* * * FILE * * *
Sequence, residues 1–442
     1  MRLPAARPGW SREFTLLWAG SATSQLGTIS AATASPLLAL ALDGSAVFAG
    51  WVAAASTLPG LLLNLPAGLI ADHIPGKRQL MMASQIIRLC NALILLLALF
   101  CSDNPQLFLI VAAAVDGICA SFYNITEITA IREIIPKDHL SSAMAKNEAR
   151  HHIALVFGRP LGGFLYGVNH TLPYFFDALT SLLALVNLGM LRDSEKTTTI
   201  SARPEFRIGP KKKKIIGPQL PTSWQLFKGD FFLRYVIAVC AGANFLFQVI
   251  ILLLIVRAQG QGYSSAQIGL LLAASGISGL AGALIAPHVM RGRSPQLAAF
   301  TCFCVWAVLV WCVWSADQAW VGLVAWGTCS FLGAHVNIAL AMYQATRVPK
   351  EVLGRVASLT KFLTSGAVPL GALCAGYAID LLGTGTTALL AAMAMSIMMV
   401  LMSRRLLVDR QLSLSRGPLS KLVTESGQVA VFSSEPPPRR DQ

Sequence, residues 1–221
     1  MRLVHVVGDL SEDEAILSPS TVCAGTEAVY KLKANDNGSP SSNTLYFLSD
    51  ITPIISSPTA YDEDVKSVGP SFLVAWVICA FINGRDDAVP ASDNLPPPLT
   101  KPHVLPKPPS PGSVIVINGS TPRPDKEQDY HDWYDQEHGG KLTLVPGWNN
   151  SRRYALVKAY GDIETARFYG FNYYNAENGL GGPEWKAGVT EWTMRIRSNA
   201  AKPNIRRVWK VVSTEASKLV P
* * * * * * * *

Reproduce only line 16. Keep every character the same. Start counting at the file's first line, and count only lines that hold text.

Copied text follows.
   201  AKPNIRRVWK VVSTEASKLV P